Political parties should be prepared to make gender equality one of their core goals during the September parliamentary elections, representatives of political parties at central and provincial levels heard on Friday.
Speaking at the meeting, the Forum for Political Parties (FFPP) Spokesperson, MP Elisabeth Mukamana, said that the meeting was an opportunity for leaders of political parties, members of the forum commissions and other stakeholders to discuss how to ensure that gender equality principles are adhered to during the upcoming elections.
Parliamentary elections are slated for September 2 and 3.
"Political parties are required to avoid any discrimination that is based on gender. In fact, the FFPP and its members adheres to the principles of gender equality and that's why every three months when the general assembly meets, all our members are required to send an equal number of men and women as representatives," he said.
The United Nations Development Programme (UNDP)'s Head of Governance Unit, Nadine Umutoni Rugwe, told participants that the time to boost the efforts to promote gender equality is now calling on political parties to take on the championing role.
"Promoting gender equality must be promoted no matter the political party. What we need is action, in our short and long term plans, in our agenda. Political parties can help us build leadership of gender equality because we need leaders who are directly involved and are ready to serve men, women, boys and girls," she said.
Rugwe said that Rwandans deserve leaders who are going to address inequality when they see it and take a bold decision to be involved.
"We have had time to think about it, it's now time to move on from rhetoric to action," she said.
Carine Umwali, from the Ideal Democratic Party (PDI) appealed to the political organisations that have women empowerment to visit women on the grassroots level and explain the gender equality concept better.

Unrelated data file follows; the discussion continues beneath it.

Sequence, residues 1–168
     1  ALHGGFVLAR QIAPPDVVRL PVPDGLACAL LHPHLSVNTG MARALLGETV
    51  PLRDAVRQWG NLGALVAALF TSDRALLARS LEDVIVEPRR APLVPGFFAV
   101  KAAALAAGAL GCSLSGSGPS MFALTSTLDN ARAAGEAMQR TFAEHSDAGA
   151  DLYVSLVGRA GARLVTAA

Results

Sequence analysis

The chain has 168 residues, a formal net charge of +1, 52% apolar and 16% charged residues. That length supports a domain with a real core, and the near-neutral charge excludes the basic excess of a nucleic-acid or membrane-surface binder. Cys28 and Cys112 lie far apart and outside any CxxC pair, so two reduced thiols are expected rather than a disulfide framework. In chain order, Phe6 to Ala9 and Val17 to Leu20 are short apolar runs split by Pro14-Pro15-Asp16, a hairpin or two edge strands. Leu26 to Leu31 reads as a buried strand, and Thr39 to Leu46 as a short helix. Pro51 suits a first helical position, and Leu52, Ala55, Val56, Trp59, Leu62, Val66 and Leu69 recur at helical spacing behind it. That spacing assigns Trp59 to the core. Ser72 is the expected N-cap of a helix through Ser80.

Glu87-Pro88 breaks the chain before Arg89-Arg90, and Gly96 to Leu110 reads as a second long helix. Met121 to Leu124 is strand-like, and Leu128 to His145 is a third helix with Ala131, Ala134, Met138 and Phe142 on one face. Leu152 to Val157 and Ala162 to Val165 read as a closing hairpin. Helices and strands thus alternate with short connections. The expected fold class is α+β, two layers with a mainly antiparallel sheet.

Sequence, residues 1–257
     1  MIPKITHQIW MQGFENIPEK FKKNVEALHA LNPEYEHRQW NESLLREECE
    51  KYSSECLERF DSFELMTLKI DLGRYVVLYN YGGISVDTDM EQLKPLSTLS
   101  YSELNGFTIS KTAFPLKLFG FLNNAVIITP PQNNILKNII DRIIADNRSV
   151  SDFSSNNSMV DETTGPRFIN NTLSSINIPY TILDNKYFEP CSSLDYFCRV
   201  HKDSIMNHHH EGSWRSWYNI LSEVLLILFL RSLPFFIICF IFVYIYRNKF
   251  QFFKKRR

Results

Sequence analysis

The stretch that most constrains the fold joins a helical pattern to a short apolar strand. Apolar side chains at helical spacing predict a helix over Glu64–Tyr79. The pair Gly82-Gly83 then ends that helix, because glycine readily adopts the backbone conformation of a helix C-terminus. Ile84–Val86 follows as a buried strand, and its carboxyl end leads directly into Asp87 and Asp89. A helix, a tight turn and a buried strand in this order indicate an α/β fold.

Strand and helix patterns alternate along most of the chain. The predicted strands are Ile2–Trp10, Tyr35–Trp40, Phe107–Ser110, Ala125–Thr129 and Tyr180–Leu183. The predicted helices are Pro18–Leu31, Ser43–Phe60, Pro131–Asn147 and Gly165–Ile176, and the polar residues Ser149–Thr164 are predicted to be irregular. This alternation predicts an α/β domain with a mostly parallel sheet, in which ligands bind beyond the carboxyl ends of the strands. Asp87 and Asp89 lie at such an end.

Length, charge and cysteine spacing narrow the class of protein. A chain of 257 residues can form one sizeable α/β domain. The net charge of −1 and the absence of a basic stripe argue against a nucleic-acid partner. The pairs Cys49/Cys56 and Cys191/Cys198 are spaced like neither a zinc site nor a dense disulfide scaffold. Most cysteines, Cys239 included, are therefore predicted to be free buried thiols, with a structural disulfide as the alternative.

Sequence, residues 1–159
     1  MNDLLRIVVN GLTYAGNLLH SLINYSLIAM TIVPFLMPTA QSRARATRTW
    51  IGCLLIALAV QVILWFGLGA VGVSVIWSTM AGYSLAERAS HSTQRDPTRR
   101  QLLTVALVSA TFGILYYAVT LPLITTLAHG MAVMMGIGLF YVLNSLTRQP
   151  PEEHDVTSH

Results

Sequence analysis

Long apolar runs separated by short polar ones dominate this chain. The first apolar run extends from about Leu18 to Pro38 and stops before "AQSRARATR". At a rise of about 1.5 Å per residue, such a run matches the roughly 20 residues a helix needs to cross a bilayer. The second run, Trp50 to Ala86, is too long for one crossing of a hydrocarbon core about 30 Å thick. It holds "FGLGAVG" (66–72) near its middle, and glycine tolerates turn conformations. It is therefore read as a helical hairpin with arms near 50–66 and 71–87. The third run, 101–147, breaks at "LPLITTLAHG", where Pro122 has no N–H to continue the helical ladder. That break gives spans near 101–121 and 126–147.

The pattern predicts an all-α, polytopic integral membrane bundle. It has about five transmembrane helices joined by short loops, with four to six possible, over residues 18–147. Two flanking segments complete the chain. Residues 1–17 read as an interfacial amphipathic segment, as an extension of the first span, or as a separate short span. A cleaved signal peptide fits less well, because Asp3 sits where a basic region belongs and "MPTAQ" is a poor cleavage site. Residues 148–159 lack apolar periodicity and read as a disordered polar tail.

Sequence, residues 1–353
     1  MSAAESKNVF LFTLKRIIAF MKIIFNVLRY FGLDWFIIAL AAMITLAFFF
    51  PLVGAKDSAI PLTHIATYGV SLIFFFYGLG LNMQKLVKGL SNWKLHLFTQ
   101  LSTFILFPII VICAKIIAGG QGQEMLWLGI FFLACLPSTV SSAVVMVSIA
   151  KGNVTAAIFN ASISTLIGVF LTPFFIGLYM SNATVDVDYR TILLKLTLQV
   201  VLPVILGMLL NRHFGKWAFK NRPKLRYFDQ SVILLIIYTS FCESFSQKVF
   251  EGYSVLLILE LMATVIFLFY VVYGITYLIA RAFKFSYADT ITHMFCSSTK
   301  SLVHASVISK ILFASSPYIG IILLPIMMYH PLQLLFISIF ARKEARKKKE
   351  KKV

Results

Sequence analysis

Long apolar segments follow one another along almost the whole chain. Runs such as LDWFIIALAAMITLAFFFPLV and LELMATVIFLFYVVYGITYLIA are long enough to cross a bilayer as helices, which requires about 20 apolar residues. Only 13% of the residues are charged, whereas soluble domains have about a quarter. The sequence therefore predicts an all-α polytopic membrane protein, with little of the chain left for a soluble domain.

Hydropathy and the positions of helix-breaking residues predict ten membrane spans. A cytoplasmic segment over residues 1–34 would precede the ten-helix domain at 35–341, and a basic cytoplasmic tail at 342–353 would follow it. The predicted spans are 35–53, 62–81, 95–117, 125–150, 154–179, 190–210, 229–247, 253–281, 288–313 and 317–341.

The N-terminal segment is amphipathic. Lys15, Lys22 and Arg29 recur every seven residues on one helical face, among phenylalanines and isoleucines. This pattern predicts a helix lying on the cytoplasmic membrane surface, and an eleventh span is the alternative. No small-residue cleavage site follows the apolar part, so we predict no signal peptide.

"There is a misunderstanding of what gender equality is on the grassroots level. There are women who have mistakenly taken this as some sort of competition with men. I would like to suggest that all levels that have women in their line of work to take this on and go back to the basics on the grassroots level and educate these women on what gender balance is," she said.
In total, 24 women are elected to represent different provinces and the City of Kigali through the National Women Council.
Of these, six women legislators are elected each from Southern, Western and Eastern provinces. Northern Province is represented by four women while the City of Kigali gets two.
Other colleges are the youth, who, through the National Youth Council (two representatives) while the People With Disabilities through their council have one legislator representing them.
Fifty-three members of the Lower House will be picked through universal suffrage, which brings it to a total of 80 legislators constituting the Lower Chamber of Parliament.